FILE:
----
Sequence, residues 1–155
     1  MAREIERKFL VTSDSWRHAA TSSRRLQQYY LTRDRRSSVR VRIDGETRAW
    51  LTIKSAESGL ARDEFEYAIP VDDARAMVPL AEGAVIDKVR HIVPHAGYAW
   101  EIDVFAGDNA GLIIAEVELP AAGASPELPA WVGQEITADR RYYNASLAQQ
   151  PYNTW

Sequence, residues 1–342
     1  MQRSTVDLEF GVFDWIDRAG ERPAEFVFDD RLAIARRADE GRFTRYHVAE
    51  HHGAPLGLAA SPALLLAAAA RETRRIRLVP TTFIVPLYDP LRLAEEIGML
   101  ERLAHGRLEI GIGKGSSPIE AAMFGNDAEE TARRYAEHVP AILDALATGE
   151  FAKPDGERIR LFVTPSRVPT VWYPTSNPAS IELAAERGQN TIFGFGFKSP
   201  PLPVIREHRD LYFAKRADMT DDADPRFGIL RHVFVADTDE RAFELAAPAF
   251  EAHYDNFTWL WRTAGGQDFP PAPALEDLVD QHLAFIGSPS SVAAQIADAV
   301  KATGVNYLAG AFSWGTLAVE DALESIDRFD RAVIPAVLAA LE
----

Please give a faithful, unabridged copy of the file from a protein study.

Sequence, residues 1–155
     1  MAREIERKFL VTSDSWRHAA TSSRRLQQYY LTRDRRSSVR VRIDGETRAW
    51  LTIKSAESGL ARDEFEYAIP VDDARAMVPL AEGAVIDKVR HIVPHAGYAW
   101  EIDVFAGDNA GLIIAEVELP AAGASPELPA WVGQEITADR RYYNASLAQQ
   151  PYNTW

Sequence, residues 1–342
     1  MQRSTVDLEF GVFDWIDRAG ERPAEFVFDD RLAIARRADE GRFTRYHVAE
    51  HHGAPLGLAA SPALLLAAAA RETRRIRLVP TTFIVPLYDP LRLAEEIGML
   101  ERLAHGRLEI GIGKGSSPIE AAMFGNDAEE TARRYAEHVP AILDALATGE
   151  FAKPDGERIR LFVTPSRVPT VWYPTSNPAS IELAAERGQN TIFGFGFKSP
   201  PLPVIREHRD LYFAKRADMT DDADPRFGIL RHVFVADTDE RAFELAAPAF
   251  EAHYDNFTWL WRTAGGQDFP PAPALEDLVD QHLAFIGSPS SVAAQIADAV
   301  KATGVNYLAG AFSWGTLAVE DALESIDRFD RAVIPAVLAA LE